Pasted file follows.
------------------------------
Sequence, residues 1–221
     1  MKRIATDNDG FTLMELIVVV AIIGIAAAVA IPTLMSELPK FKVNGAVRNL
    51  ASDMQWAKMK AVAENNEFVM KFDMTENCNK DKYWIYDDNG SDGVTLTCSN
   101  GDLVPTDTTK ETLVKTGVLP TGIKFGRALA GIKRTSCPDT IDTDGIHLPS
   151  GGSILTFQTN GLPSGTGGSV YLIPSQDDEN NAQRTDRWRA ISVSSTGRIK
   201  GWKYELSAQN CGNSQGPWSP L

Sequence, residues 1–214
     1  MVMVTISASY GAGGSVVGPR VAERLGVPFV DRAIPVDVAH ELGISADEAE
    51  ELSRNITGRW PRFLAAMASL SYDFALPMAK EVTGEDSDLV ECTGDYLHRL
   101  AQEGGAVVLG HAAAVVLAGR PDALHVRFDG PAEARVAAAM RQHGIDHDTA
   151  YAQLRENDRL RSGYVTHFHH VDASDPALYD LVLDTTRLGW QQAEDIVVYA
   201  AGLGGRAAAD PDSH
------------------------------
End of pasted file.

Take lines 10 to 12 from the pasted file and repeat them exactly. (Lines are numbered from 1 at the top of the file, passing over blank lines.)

   101  AQEGGAVVLG HAAAVVLAGR PDALHVRFDG PAEARVAAAM RQHGIDHDTA
   151  YAQLRENDRL RSGYVTHFHH VDASDPALYD LVLDTTRLGW QQAEDIVVYA
   201  AGLGGRAAAD PDSH